Is it any wonder that Fanny was in love Edmund? He essentially tells her that his greatest pleasure in life is bringing her pleasure. I think that many of us would find it hard to “get over” someone like this and shift our affections to a Henry Crawford.

Also, for all of Edmund’s frustrating blindness to Fanny’s love, he is never blind to her value as a friend and as a woman. When hearing that Henry Crawford has proposed to Fanny he says:

“a most fortunate man he is to attach himself to such a creature- to a woman who, firm as a rock in her own principles, has a gentleness of character so well adapted to recommend them. He has chosen his partner, indeed, with rare felicity.”

I know that most readers feel the urge to slap Edmund across the facing saying “Snap out of it!” in regards to his pursuit of Mary and his obliviousness to Fanny’s love. However, we need to give him a break. Yes, it takes him a LONG time to remove his blinders, but he finally does and for that he deserves some credit. Furthermore, most of Edmund’s blindness is due to his humbleness. Even when he realizes his feelings for Fanny have changed, he does not assume that she cares for him in any manner other than that of a brotherly affection.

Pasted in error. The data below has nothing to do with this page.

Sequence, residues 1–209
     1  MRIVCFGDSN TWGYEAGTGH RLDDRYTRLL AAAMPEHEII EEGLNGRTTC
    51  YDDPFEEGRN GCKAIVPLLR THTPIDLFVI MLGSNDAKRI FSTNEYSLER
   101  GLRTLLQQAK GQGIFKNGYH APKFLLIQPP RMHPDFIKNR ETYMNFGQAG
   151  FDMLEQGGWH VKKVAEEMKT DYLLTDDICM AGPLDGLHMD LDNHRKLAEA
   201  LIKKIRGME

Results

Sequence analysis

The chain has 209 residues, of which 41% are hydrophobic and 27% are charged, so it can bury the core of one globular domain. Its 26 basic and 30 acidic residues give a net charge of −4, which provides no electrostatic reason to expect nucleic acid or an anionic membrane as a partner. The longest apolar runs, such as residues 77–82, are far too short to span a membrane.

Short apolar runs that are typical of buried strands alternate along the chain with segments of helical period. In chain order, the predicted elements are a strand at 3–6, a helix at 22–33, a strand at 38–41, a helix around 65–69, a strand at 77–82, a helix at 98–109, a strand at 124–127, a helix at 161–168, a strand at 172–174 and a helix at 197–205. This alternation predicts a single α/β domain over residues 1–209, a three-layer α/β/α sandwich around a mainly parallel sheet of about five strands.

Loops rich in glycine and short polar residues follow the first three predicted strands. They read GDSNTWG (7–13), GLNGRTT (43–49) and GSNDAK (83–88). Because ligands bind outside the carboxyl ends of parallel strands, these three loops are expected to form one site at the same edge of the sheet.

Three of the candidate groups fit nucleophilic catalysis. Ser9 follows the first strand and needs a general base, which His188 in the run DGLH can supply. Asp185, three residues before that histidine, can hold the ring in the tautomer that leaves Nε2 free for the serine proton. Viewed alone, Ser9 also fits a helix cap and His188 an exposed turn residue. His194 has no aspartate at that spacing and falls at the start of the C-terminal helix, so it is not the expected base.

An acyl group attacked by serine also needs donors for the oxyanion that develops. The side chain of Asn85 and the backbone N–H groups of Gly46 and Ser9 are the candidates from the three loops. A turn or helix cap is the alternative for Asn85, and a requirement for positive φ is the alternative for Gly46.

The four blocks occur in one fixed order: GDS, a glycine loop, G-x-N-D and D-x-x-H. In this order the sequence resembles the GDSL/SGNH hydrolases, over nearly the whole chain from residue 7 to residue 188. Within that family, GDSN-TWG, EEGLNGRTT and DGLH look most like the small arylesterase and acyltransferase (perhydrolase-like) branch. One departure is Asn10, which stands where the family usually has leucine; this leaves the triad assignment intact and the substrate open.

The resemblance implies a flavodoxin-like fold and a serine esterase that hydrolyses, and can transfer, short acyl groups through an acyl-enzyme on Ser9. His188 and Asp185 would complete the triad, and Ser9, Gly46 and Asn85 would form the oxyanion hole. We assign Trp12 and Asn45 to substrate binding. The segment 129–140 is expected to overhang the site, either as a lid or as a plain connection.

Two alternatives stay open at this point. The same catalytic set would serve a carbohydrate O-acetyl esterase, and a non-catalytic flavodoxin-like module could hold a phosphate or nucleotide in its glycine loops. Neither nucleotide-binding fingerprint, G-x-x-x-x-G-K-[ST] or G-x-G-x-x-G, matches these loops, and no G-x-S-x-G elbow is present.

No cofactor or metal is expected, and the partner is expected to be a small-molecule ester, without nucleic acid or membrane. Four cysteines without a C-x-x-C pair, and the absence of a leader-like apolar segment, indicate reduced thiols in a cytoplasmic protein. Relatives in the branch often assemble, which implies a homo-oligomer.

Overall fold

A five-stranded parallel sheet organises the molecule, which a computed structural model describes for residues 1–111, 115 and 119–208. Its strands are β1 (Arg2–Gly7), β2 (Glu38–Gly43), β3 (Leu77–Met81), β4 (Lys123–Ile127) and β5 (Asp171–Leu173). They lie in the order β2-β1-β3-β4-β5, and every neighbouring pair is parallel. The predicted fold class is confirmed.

Edmund is the opposite of Mr. Darcy in this way. Where Darcy assumes Elizabeth will accept him without any second guessing on his part, Edmund believes that he will need to persuade Fanny that their affection for each other will make a good basis for marriage. I consider this a real recommendation to his character. This is a man without any excess ego.

“Scarcely had he done regretting Mary Crawford, and observing to Fanny how impossible it was that he should ever meet with such another woman, before it began to strike him whether a very different kind of woman might not do just as well, or a great deal better: whether Fanny herself were not growing as dear, as important to him in all her smiles and all her ways, as Mary Crawford had ever been; and whether it might not be a possible, a hopeful undertaking to persuade her that her warm and sisterly regard for him would be foundation enough for wedded love.

Edmund brooks no delay in setting out to win Fanny’s love (something he already has) and hopefully secure both his and her happiness.

“Having once set out, and felt that he had done so, on this road to happiness, there was nothing on the side of prudence to
stop him or make his progress slow; no doubts of her deserving, no fears from opposition of taste, no need of drawing new
hopes of happiness from dissimilarity of temper. Her mind, disposition, opinions, and habits wanted no half concealment, no
self deception on the present, no reliance on future improvement. Even in the midst of his late infatuation, he had
acknowledged Fanny’s mental superiority. What must be his sense of it now, therefore?
She was of course only too good for him; but as nobody minds having what is too good for them, he was very steadily earnest in the pursuit of the blessing, and it was not possible that encouragement from her should be long wanting.

Edmund may not be perfect, but he is a good man; and as any woman can tell you: a good man is hard to find. I am definitely Team Edmund over Team Henry. I’ll take a slow learner over a fast player any day.